Talk:Infix notation

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Note that these rules are still ambiguous...

Is

1 - 2 - 3

equal to

1 - (2 - 3) = 2

or

(1 - 2) - 3 = -4

?

The convention is either to evaluate left to right or right to left, but I don't recall which. Salsa Shark 08:30 Mar 20, 2003 (UTC)
..only if you're illiterate. The former distributes the sign to other signs, which isn't at all told by the first expression. lysdexia 09:54, 24 Oct 2004 (UTC)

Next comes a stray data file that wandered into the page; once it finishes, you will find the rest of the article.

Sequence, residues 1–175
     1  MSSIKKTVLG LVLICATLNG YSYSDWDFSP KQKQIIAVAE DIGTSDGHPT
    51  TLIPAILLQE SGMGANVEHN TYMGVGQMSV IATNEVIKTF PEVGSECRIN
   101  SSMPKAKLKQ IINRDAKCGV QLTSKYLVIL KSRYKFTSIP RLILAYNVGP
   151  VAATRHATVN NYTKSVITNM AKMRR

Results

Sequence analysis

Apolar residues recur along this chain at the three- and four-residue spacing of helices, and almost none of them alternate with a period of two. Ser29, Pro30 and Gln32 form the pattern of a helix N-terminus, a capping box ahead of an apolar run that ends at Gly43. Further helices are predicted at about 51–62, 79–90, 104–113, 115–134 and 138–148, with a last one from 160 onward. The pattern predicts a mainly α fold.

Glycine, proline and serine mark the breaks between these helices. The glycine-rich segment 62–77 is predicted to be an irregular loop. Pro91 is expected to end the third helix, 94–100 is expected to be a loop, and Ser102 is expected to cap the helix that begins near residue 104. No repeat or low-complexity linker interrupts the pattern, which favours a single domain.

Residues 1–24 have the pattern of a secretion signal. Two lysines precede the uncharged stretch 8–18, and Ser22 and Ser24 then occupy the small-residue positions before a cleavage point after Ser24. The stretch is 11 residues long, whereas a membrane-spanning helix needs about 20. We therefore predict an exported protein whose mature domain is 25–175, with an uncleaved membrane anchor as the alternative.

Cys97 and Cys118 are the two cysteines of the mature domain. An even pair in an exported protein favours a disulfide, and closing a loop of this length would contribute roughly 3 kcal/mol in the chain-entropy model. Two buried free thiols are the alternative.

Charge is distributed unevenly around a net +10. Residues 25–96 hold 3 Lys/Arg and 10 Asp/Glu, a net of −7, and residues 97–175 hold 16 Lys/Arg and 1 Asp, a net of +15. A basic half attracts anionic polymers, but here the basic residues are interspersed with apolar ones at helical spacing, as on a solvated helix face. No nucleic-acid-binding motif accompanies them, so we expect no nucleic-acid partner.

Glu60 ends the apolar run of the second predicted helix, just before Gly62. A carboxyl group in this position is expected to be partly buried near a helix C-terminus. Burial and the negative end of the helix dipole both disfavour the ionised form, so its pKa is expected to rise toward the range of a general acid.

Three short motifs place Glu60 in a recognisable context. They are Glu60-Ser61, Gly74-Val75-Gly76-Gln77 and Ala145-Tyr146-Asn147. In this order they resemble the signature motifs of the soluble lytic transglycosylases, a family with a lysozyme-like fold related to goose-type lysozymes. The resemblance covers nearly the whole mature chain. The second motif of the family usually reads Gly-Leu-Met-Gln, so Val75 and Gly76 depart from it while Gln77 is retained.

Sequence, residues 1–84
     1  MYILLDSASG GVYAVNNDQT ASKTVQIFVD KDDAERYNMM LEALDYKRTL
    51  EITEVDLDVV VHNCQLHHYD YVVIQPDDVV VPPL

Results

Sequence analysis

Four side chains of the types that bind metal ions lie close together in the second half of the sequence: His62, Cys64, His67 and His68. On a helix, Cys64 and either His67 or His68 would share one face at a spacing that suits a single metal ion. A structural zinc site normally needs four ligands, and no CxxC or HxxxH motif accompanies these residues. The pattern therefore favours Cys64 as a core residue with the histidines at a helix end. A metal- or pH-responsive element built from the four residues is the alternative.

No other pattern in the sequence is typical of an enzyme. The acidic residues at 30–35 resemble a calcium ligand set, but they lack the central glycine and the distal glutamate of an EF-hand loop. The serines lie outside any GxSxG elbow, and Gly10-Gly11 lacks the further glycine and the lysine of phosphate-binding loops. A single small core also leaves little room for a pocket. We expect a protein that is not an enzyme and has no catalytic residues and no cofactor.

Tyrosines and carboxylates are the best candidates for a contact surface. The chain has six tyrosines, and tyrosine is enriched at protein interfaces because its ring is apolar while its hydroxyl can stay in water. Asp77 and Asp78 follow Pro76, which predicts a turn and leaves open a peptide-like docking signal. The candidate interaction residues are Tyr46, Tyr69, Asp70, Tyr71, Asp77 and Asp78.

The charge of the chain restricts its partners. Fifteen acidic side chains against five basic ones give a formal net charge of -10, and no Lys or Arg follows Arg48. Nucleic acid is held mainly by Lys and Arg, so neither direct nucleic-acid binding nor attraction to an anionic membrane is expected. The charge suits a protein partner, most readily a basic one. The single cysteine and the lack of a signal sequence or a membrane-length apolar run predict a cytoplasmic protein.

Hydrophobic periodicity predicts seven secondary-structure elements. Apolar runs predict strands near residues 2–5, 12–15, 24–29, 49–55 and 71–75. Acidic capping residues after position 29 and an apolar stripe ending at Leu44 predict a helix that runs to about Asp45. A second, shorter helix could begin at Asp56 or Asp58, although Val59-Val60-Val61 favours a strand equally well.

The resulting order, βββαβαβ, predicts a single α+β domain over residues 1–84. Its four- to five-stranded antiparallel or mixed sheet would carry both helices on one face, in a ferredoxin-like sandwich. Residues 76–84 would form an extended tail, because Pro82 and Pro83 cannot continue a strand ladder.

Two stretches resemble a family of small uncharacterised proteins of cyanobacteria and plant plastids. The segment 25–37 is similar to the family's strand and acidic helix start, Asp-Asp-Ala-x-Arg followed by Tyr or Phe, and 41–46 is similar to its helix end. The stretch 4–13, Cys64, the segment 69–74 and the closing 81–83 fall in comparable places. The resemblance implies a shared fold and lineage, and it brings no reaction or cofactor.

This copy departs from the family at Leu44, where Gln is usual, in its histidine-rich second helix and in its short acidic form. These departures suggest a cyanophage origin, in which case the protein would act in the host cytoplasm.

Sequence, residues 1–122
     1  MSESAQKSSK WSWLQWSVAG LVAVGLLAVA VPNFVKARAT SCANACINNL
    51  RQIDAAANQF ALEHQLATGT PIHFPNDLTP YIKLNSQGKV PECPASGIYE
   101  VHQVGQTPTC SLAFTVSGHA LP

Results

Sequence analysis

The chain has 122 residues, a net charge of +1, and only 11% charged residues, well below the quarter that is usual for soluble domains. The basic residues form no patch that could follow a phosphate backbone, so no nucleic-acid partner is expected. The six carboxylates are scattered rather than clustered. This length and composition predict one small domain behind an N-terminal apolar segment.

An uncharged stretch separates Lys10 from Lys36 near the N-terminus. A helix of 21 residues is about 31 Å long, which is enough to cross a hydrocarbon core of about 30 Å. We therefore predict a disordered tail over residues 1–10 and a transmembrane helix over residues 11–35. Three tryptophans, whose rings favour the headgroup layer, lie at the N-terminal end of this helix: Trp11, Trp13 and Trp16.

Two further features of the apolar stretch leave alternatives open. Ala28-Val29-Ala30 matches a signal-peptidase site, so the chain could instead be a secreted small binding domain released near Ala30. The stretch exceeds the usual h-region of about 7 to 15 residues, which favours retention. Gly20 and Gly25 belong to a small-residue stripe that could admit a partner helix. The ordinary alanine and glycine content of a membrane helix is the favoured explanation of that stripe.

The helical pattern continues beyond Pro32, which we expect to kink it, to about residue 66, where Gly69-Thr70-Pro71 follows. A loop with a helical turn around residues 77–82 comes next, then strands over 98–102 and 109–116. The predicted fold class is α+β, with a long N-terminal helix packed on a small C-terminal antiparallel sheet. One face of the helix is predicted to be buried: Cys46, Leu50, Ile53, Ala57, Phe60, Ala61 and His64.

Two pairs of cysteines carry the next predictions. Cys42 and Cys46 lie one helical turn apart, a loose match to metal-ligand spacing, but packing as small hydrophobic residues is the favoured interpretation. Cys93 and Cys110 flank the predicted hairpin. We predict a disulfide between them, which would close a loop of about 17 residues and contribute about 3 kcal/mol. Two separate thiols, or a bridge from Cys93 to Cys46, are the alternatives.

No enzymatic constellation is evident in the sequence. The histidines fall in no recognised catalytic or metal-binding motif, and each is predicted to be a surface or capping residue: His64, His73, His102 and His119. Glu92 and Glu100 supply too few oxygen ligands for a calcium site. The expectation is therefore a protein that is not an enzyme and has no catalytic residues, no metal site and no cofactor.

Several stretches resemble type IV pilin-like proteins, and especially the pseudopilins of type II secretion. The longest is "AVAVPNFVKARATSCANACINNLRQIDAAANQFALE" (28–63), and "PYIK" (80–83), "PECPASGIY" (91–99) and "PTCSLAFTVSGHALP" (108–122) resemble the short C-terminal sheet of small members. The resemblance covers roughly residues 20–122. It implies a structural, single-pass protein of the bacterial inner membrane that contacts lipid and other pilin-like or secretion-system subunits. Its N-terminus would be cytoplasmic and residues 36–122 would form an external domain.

Wow, stupidity. Salsa Shark, did you pass junior school math.? When expanded, the first option becomes 1 - 2 + 3. To get the originial expression, you need to use 1 - \left(2 + 3\right). if you understand that a number without a sign is considered to be positive, then the expression could be re-written as 0 + \left( { + 1} \right) + \left( { - 2} \right) + \left( { - 3} \right). the order which the later terms are operated is irrelevant in this caae, since hey are of equal precedence. In general, however, it is normal to evaluate terms from left to right